November 21, 2018
1. This is a true story about a boy (Dhammaruwan) who recited complex and lengthy Pāli suttā at five years of age, that sounded very different from current chantings. Furthermore, he remembers accounts of his previous life 1500 years ago, when he accompanied famous Buddhaghosa on his trip to Sri Lanka.
- Dhammaruwan was born on November 18, 1968, in Matale, Sri Lanka. At the age of about two years, he would sit in meditation and then start chanting. At times he would speak in a language not understood by his mother, who tried to hush him up.
- His step-father encouraged the boy to continue and regularly made recordings of the chants.
- These accounts come from the book, “Rebirth in Early Buddhism and Current Research” by Bhikkhu Anālayō (2018), and Skype interview with Ven. Bhikkhu Bodhi, 16th September 2014. Both Bhikkhus have had long-term interactions with Dhammaruwan.
2. According to Dhammaruwan’s memories, he learned the Pāli chants in a former lifetime in India, where he had been born as the son of a Brāhmin and trained in memorization of the Vedas. He had gone forth as a Buddhist monk and become a student of the eminent monk Buddhaghosa at Nālandā, India. For a historical timeline, see, “Buddhaghōsa and Visuddhimagga – Historical Background.”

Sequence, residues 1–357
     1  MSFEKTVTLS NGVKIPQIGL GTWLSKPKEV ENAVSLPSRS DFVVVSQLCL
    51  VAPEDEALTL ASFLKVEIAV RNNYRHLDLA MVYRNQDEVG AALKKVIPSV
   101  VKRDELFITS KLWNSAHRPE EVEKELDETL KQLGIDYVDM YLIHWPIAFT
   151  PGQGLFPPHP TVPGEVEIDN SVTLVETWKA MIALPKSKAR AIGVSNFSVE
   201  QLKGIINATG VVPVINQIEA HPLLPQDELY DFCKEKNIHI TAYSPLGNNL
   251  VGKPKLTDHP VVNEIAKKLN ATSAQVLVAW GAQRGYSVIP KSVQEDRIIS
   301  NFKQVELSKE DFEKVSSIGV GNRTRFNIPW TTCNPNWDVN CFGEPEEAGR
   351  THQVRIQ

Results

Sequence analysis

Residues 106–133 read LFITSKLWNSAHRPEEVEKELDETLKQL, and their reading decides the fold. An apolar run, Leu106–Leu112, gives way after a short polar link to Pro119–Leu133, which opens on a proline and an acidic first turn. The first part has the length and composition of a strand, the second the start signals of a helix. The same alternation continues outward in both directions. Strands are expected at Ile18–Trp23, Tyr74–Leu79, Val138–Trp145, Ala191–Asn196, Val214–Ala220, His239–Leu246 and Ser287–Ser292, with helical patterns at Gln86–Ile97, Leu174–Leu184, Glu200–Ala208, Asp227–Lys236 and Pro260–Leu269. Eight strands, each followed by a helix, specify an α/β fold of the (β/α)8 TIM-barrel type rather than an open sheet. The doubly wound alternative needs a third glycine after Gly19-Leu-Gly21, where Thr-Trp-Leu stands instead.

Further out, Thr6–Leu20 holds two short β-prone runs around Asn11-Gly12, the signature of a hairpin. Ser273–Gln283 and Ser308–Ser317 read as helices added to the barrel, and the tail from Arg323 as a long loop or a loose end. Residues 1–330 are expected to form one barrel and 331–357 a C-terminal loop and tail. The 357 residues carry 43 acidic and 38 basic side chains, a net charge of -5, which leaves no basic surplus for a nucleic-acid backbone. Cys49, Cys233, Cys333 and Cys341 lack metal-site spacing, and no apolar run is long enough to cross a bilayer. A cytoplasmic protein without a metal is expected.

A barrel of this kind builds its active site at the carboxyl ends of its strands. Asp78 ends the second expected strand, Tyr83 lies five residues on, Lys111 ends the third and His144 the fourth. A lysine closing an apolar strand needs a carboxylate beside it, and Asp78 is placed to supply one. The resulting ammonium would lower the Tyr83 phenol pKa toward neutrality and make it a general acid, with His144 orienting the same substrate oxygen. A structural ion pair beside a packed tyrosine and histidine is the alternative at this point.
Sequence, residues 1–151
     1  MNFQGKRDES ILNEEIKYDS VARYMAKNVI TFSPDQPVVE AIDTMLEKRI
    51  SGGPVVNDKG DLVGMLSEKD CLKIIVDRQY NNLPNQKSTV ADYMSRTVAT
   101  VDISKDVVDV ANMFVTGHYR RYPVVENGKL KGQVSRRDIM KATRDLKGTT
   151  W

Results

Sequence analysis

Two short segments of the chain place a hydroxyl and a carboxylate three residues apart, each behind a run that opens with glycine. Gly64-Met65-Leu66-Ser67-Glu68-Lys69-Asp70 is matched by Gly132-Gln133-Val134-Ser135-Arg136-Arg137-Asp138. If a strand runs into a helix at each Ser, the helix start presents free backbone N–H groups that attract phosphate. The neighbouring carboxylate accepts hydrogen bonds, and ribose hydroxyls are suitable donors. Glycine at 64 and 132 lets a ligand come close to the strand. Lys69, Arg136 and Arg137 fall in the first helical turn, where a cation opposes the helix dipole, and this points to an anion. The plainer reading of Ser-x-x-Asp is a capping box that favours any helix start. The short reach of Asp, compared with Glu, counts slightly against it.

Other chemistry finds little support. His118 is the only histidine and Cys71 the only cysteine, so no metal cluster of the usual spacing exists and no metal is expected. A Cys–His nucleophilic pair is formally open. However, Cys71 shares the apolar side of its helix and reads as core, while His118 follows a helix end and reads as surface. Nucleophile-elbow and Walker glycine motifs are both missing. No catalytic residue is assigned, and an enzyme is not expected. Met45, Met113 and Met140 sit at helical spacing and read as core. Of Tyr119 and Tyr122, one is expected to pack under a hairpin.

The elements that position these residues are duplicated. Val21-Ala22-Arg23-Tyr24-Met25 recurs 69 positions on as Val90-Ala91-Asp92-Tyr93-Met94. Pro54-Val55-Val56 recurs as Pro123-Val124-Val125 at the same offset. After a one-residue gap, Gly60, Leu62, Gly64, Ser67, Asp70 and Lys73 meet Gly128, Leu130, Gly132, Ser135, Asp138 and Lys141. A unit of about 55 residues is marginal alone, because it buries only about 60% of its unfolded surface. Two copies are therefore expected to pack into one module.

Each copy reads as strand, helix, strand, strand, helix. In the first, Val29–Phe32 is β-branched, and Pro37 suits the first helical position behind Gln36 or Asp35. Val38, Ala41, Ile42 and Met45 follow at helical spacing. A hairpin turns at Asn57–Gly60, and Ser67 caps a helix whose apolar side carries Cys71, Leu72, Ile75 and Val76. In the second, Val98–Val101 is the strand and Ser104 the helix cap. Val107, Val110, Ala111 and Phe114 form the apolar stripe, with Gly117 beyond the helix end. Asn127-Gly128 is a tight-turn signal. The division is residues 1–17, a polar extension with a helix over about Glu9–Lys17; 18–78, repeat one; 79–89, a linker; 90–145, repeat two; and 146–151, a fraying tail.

- My comment: This means Dhammaruwan was born a human over 1500 years ago. That is another piece of evidence that a human bhava can last thousands of years during which one may be reborn with a human body many times. In between those rebirths, one would be in the gandhabba state, without a physical body; see, “Gandhabba (Manomaya Kaya)- Introduction“. Furthermore, both Dhammaruwan in that previous life and Buddhaghosa were Vedic Brāhmins before converting to Buddhism. That is how breath and kasina meditations got into Buddhism.
3. After being trained as a bhāṇaka (a reciter), he was chosen to accompany Buddhaghosa from India to Sri Lanka, together with other monks who had similarly been trained. Having come to Sri Lanka, he stayed with Buddhaghosa at the Mahāvihāra in Anurādhapura, of which he remembers various details.
- These recordings of Dhammaruwan are strong evidence for rebirth. How could a child of age 3-5 even remember such complex Pāli words?
- The way he recites the suttā — the way he pronounces Pāli words — is better than most bhikkhus today. But the recitals sound different from those that we hear these days; instead of monotonic chants of today, keywords stand out in this recital style.
- One can see that Dhammaruwan, as an adult, chants just like any other adult today; see #6 below.
4. Here is a youtube video of a few of his recitals:
Here are recordings of several suttā, with downloadable links:
Mahā Mangala, Ratana, and Karaniya Metta Suttas:
5. The following is an excerpt from the interview mentioned above with Bhikkhu Bodhi in 2104, which had a discussion on Dhammaruwan about a quarter of the way into the interview: